The Frame of Singularity

Elizaveta Glukhova and Jungeun Lee

Elizaveta Glukhova and Jungeun Lee explored Spinoza’s ideas on the boundaries between individual moral values and general law. In his political paper “A Political Treatise”, Spinoza explains the dilemma within installing, for the benefit of all, a system of obedience and governance while simultaneously trying to preserve as many personal freedoms as possible. During their quest to find out more about jurisprudence and morality, the students asked several interviewees to voice their personal opinions and describe the challenges in developing an instructive legal framework. The resulting interviews were presented as a multi-screen installation.

God / Devil is in the Details

Saber Javanmard

Saber Javanmard is fascinated by the mythical illustrations of angels and sea monsters, naval battles and treasuries that illuminate the maps inside Atlas Maior. In a book of exactly the same dimensions as the original atlas, Saber zooms into the details of medieval cartography in order to uncover the political dimensions of seemingly insignificant, decorative map elements. It appears, namely, that these particular illustrations depict primary political behaviour such as assembling, debating, voting, governing and lobbying.

Happiness on Sale

Nóra Békés and Wannes Vrijs

Nóra Békés and Wannes Vrijs focus on Spinoza’s radical seventeenth-century ideas about religion and society. Advertising boards with different quotes by the Dutch philosopher were put up in public spaces and busy shopping streets in the Hague in order to spread Spinoza’s warnings. While Spinoza warned in his Tractatus Theologico Politicus about the risks of misleading the public through religion, Békés and Vrijs remind their audience about the dangers of capitalism as a new cult.

An Overtaken Future

Rudi van Delden and Jan Egbers

Joan Derk van der Capellen tot den Pol’s motivation to write the pamphlet Aan het volk van Nederland is strongly based on a sense of nostalgia, fondly referring to the period of Batavian settlement. Rudi van Delden and Jan Egbers take this as a starting point to critically address contemporary politicians' nostalgia for the industrialized 1960s. It seems that in today’s political landscape, both the left and right look back on a time when the ever-increasing privatization of today was still far away and sovereignty was considered authority rather than responsibility. The question remains as to what is left out of the picture when longing for the past is being put to use as a political instrument?

Reconstructing Power

Vanessa Eck and Rebecca Joly

In their work, Vanessa Eck and Rebecca Joly investigate how Jean Jacques Rousseau’s concept of the “general will” is applied within the European voting system. They created detailed timelines that document the events of electoral periods in France, Belgium, the Netherlands and Germany.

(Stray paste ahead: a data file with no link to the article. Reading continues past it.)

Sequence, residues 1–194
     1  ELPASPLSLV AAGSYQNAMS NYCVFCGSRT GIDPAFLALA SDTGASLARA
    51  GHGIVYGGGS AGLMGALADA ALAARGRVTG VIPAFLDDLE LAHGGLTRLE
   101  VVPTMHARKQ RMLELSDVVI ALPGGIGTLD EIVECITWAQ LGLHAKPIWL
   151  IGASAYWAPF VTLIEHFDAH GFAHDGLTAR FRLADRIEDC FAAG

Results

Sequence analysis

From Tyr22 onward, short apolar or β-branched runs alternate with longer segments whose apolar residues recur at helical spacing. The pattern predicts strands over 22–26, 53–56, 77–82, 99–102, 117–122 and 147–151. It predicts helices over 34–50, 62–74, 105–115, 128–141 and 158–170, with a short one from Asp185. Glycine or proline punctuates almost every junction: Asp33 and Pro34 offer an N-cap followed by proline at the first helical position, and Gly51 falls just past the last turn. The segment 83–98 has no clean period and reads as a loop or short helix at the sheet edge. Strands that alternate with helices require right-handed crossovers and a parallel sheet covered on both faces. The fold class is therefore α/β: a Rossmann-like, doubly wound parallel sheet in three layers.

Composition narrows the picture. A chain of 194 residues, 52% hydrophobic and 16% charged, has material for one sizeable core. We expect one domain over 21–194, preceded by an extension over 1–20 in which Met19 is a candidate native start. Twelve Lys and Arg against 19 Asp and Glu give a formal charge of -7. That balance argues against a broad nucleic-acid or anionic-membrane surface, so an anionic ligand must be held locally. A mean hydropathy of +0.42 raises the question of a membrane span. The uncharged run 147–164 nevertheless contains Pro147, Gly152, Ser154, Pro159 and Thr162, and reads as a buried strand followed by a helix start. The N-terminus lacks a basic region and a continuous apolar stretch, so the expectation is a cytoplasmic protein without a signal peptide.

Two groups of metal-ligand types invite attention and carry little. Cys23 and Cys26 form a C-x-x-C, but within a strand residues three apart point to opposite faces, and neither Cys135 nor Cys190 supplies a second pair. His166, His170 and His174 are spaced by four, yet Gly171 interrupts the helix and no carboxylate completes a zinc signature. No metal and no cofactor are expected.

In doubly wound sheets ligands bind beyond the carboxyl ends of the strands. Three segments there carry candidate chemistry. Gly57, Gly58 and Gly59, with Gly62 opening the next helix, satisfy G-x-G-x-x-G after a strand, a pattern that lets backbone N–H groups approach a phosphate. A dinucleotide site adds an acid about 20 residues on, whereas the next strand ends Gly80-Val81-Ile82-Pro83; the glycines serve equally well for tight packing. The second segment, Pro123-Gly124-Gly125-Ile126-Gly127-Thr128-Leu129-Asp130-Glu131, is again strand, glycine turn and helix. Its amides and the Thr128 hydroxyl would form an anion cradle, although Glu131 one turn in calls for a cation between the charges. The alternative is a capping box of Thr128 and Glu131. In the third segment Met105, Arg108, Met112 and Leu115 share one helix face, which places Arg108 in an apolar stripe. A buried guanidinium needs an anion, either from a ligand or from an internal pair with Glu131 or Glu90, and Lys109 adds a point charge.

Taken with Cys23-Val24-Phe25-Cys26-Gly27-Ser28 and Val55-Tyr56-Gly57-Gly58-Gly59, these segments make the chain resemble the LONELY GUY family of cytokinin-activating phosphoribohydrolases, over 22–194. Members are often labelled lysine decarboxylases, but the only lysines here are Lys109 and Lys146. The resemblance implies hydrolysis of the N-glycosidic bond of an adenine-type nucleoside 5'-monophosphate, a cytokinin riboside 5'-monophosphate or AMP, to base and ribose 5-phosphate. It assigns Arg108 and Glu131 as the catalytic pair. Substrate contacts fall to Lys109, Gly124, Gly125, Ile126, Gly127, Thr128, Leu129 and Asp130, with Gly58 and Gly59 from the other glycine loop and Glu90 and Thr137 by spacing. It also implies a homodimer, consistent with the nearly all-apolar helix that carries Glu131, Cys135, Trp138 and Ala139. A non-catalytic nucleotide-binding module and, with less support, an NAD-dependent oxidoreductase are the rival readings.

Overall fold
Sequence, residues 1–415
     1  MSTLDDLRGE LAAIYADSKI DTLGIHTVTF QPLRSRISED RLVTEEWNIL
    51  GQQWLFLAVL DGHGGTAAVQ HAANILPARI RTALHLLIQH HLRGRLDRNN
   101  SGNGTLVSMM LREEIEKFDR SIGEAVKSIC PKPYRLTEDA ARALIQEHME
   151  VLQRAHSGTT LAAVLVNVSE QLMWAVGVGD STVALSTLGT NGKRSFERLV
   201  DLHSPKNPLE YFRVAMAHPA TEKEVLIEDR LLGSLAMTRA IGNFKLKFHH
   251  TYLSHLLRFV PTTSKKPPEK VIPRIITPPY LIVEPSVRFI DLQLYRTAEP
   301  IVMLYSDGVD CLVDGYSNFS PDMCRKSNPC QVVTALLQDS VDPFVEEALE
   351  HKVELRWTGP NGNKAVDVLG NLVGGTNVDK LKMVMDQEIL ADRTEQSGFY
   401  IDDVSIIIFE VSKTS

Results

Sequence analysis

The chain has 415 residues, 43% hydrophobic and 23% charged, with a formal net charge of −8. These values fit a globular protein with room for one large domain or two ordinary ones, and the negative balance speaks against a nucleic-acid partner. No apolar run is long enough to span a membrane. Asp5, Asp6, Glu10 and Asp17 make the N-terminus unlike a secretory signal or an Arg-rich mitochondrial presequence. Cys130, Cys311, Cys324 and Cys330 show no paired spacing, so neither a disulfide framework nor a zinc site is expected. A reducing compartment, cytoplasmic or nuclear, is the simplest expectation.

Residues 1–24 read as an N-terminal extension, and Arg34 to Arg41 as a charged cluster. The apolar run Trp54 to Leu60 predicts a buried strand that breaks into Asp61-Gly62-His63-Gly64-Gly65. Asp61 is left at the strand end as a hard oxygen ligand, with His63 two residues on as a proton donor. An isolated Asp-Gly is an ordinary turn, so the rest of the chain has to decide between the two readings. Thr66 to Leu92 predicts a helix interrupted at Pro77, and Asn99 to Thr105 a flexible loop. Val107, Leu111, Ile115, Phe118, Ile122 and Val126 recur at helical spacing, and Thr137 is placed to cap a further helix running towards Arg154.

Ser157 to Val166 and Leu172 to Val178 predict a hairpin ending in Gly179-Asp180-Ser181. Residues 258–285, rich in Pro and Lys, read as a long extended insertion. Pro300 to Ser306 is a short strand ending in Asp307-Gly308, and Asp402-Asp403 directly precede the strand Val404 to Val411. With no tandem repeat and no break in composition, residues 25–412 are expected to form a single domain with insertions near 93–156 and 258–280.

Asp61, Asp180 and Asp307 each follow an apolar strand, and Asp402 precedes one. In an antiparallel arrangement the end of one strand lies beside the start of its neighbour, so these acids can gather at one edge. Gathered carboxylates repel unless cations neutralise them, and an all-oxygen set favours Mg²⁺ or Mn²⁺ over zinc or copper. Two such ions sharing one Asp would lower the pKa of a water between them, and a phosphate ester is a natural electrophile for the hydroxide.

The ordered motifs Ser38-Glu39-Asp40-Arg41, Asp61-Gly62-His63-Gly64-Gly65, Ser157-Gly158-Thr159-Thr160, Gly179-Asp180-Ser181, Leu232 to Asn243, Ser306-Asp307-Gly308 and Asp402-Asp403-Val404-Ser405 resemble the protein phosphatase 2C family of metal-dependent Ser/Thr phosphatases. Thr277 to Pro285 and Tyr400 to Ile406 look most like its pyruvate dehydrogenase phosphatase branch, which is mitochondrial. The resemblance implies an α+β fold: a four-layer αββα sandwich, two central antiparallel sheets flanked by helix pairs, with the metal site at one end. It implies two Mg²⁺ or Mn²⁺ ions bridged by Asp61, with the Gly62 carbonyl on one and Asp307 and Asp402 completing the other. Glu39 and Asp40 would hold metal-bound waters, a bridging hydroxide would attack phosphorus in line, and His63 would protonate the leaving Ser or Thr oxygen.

Social Environments

Anna Lenczewska and Natalia Vishnevskaia

Social Environments is a printed glossary that compares Rousseau’s The Social Contract to the terms and conditions of modern social media communication. Anna Lenczewska and Natalia Vishnevskaia bring attention to the similar and dissimilar connections between two social environments from different time periods and shift the term social contract towards a very new meaning.

Niels Schrader (1977, Caracas, VE) is a concept-driven information designer with a fascination for numbers and data. He is founder of the Amsterdam-based design studio Mind Design and member of the AGI – Alliance Graphique Internationale. Next to his design practice Schrader has been lecturing at the Delft University of Technology, ArtEZ – Academy of Art & Design in Arnhem and Willem de Kooning Academie in Rotterdam. Since January 2013 he is together with Roosje Klap head of the Graphic Design department at the Royal Academy of Art in The Hague. In his work, Schrader plays the role of both a mediator and a designer. He considers communication to be an interactive process that requires participation through questioning. See further: www.minddesign.info.

Lauren Alexander (1983, Cape Town, ZA) holds an MDes from the Sandberg Instituut, Amsterdam (2008) and an MFA from the Dutch Art Institute, Arnhem (2011). In 2009, she initiated Foundland Collective, together with Ghalia Elsrakbi, a design, research and art practice, based between Cairo and Amsterdam. The collective’s work draws on graphic design, art, writing and research in order to develop critical and imaginative reflections on political and social issues, particularly related to the Middle East. See further: www.foundland.info.

Photography: Roel Backaert